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James Poulos at Vox.  “In 1831, Tocqueville is sent to America by the French government to study the American prison system. Tocqueville was a very young, very smart aristocrat. He was interested in the changing social and economic conditions of his time, and in the global movement toward greater democracy and equality.

“He saw America as a kind of laboratory of democracy. He sat down with John Quincy Adams a couple of years after his presidency and talked about slavery. He had access to the highest levels of American society. He was also able to go off the beaten path. He got to see America from the bottom up and the top down, and he got to see it through the eyes of an aristocrat that knew aristocracy was finished.

What was his most relevant observation or lesson?

“Tocqueville has many lessons for us, but the biggest one is that we are not fully in the democratic age, the age where the equality of conditions, mores, habits, and thought patterns have slowly set in. But we’re no longer in the aristocratic age, the age of great structural inequalities that persisted over centuries and are based in the fabric of life. Things like hereditary wealth, things like noble titles, monarchy, feudal culture, generation after generation of people tied to their land. All the stuff you see in the Old World, a tight, intimate connection between religious institutions and political institutions. All that kind of stuff has passed away into the irretrievable past, but it hasn’t been fully destroyed. Some of these things persisted into our transitional era.

“Tocqueville observed that Americans are fortunate to not have an aristocratic past annihilated by a democratic revolution like Europe experienced, which caused a great deal of pain and anxiety. But he thought we had a very different kind of pain and anxiety. We feel the tweens of history. It’s a long tweendom. This is not a brief moment.

“As worried as we are that we’re going to get spun out into some dystopia sooner rather than later, Tocqueville’s warning to us is that this is a long period of weirdness as we become what we are as a nation, and there’s no escaping from it, and it is going to make us weird and encourage our weirdness…

You mentioned this historical “tweendom” phase a minute ago, but it’s not clear to me how this manifests in American life today. Your conception of freedom as an activity rather than a condition is apparent enough. What remains somewhat vague is how the peculiar character and history of America shapes or constrains our efforts to live freely right now, in this moment.

“We grow up too quickly in some ways and too slowly in others. And so has our country. Look at the way Europeans tend to see us in a bad mood — as reckless, undereducated babies driving the future without a license. We left the aristocratic age first, and without any real trauma. But because of that, we’ve been able to stretch out our transition to the full-blown democratic age. We’re truants from the logic of history as the Old World knows it.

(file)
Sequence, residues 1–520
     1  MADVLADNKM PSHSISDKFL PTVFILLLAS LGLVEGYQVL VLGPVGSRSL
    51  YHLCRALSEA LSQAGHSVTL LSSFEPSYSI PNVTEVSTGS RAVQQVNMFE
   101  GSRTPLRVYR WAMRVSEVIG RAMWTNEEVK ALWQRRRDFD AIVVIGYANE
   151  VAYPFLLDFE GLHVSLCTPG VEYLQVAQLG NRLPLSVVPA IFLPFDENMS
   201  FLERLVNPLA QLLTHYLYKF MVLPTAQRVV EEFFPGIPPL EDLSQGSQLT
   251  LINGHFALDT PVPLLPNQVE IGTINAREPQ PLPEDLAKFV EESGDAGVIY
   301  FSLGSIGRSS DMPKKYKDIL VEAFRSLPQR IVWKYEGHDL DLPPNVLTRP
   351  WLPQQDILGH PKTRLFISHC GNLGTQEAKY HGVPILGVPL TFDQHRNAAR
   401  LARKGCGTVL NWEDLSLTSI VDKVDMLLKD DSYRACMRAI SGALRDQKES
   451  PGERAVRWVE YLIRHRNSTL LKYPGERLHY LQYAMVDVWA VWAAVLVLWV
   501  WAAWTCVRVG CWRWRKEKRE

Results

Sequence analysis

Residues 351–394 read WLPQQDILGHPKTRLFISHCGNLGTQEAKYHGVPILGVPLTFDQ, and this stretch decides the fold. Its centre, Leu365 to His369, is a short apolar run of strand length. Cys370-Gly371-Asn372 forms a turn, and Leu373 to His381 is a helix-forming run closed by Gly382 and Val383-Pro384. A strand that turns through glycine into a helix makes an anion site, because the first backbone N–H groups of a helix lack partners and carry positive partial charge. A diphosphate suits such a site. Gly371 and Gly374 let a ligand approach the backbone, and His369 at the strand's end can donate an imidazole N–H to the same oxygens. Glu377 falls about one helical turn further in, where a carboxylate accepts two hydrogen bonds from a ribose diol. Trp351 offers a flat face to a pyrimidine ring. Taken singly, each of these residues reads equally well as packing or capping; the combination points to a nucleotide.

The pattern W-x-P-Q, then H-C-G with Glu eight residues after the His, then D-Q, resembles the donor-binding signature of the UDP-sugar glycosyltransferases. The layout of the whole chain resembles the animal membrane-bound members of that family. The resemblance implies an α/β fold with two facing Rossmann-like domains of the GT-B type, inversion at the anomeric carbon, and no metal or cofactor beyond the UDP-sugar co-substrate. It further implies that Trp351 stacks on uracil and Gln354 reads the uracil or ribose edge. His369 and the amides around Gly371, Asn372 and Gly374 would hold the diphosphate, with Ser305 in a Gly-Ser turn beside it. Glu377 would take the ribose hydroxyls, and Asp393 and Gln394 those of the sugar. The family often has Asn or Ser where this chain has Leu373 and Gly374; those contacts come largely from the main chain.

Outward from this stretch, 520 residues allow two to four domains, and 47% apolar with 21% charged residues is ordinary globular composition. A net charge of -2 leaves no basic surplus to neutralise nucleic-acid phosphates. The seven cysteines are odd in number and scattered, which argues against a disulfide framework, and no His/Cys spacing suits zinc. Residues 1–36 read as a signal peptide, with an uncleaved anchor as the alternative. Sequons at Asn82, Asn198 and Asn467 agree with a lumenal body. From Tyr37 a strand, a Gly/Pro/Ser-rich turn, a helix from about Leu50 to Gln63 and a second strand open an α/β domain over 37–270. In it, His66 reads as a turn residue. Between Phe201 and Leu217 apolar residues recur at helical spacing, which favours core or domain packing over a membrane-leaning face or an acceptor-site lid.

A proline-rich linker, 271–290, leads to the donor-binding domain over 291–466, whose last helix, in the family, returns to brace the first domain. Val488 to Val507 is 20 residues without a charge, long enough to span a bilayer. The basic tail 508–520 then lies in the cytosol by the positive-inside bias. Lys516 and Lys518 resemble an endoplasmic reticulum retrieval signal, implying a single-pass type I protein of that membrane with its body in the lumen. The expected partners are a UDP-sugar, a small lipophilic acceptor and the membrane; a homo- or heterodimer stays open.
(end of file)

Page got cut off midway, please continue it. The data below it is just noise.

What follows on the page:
“In some ways, that opens up huge new vistas of chill and leisure only stylishly laced with brooding affectation. In other ways, though, it creates spaces where this crushing confusion and dislocation and emotional vertigo floods in. Sounds a lot like being a tween morphing into a teenager, or a teenager with unresolved tween issues morphing into a 20-something with unresolved teenage issues.

And how does this emotional and historical vertigo bleed into our culture? How does it influence our view of money, religion, success?

“With money, we develop this insanely weird notion that we deserve to make a decent living pursuing coming-of-age quests to discover our true identity in our true calling. We get trapped in that, yet we persist.

“And that dilemma suffuses our sex lives and our love lives, which are largely shaped by the historically weird idea that romantic unions only last as long as neither partner’s identity drama seems to diminish the other’s. Another trap. No wonder we see teenage infatuation — and youth! — the Katy Perry way, as a precious get-out-of-psychic-jail card you can only play once when you get one.

“It makes us all the more deeply weird and awkward about death, which calls us to attend maturely to mortality in a way that’s apt to cripple us in what we feel are already heroically against-the-odds quests for what we fear is more significance than we deserve. Trap number three.

“No wonder our sense of religion is so weird too, then, right? Ours is not a cathedral civilization. It’s folding chairs and bad coffee. It’s revival meetings in strip malls. The people with the biggest temples, the Mormons, have the “craziest” Christianity.

“Tocqueville suspected we’d run ourselves ragged — a fourth, paradoxical trap — without a deeper, slower, more universal religious experience. He guessed all future Americans would either be secular or Catholic. But then he said the genius of Christianity was it offered the simple vision of equal souls loving God and loving their neighbors. If we help one another stay free of the traps we set for ourselves, there’s a lot of room for wonderful weirdness in religion and well beyond.”

About abyssum

I am a retired Roman Catholic Bishop, Bishop Emeritus of Corpus Christi, Texas
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